If successful, Imran hopes the tech, which is about the size of a fish oil supplement, could help make biologic medications more accessible earlier in the care continuum for serious chronic diseases.
“If you look at treatment regimens, patients typically start on small molecule oral therapies, and they only move on to the injectables when they're so sick that they require them,” he said.
This is especially true in the treatment of osteoporosis, where patients are typically only prescribed osteoanabolic medications that stimulate bone growth after the condition has progressed to moderate or severe. For the 200 million women worldwide who suffer from the condition, the loss of bone mass and lack of treatment can lead even minor falls to cause life-altering breaks and fractures.
“We looked at that and said, OK, this is a place where if you brought an oral therapy into this category that was as good or better (than the current standard), clinicians and endocrinologists could potentially start women on these therapies earlier,” Imran said.
Additionally, the RaniPill could address widespread medication adherence issues with the disease. Researchers estimate that between 50% and 70% of patients discontinue osteoporosis medications within the first year due to factors including adverse effects and the laborious nature of self-injecting medication.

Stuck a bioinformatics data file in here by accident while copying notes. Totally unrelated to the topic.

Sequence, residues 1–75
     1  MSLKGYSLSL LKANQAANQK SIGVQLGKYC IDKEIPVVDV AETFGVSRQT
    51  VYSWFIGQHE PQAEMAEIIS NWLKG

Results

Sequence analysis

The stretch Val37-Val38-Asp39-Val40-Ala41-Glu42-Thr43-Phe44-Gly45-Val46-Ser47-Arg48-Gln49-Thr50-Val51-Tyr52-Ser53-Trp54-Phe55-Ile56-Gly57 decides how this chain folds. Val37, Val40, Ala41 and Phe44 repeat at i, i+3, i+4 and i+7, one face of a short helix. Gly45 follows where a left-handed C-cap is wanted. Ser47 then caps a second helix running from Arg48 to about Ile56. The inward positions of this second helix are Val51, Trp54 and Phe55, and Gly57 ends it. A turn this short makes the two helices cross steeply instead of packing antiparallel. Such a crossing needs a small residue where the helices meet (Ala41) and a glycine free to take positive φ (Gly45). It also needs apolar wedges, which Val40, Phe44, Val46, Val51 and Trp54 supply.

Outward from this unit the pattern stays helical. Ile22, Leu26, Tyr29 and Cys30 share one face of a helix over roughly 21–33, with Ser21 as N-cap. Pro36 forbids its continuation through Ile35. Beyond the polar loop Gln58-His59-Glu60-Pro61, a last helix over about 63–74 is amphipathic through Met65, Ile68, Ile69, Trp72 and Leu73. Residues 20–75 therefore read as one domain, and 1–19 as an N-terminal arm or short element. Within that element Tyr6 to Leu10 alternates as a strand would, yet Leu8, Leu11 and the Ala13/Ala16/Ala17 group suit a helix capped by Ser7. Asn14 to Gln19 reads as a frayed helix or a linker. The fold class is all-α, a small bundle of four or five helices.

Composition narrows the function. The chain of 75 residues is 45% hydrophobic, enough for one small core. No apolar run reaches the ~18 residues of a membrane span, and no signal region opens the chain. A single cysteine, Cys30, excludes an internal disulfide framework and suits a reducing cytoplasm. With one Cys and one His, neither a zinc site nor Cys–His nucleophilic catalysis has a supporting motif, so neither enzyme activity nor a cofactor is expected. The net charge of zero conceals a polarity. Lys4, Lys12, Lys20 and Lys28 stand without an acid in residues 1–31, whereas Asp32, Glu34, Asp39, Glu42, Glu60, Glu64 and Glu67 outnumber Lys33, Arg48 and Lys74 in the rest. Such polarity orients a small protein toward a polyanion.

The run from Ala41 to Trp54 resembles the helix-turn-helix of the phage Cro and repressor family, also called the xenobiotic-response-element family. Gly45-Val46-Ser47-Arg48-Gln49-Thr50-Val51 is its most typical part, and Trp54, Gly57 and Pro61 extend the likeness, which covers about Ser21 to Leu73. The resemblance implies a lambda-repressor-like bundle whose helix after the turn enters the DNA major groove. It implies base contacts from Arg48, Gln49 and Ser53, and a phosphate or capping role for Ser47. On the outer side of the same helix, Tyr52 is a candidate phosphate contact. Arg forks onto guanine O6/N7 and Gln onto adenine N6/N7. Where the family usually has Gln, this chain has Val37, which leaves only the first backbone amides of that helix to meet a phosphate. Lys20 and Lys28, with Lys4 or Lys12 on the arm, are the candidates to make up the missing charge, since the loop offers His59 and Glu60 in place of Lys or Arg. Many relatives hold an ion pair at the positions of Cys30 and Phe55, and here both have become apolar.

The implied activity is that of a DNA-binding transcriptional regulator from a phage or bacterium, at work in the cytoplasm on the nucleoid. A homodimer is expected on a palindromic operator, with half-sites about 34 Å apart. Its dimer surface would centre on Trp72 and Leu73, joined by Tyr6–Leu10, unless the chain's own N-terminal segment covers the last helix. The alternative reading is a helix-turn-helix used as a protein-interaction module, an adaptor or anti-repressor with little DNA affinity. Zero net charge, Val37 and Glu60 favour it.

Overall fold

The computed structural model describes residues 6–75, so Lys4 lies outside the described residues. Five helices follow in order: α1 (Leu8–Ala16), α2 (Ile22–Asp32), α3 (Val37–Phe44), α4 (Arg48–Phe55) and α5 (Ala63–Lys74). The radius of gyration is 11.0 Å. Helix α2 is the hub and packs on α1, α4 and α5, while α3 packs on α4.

“A lot of things can happen at the site of injection,” Arvinder Dhalla, vice president of clinical development at Rani said, noting the potential for infections and irritation if patients do not administer the shot correctly.
As for the cost, Imran said he estimates the RaniPill “should be on par” with current injectors “depending on the injection frequency.”
Right now, Rani is using medications that have been on the market for years or is opting to collaborate with pharmas who have drugs that are a good fit for the delivery system.
So far, the company has completed a research partnership with Takeda and is still fulfilling a five-plus year collaboration with Novartis. It’s also working with an undisclosed partner in the creation of an ingestible biosimilar of AbbVie’s Humira and is in conversations with potential partners for two potential diabetes candidates.
“We're very careful that we have to live with these programs even after the announcement. And so we want to pick things that are going to be real market opportunities and significant for the patients who are treated with those drugs,” Imran said of Rani’s approach to partnerships.
“Diabetes is obviously something that everyone thinks about when you think about injectable biologics. Those markets are complicated … so it's not something that we could undertake on our own,” Imran said.
In the future, however, the company is hoping to partner with more companies on newer drug formulations, either still in formulation or not off patent, and “go from there to maybe new chemical entities as well,” including monoclonal antibody and immunology candidates, according to Dhalla.
“Our goal is to be the first-line biologics company,” Imran said. “I think over the next few years, hopefully, we'll bring enough of these candidates into the clinic to make that happen.”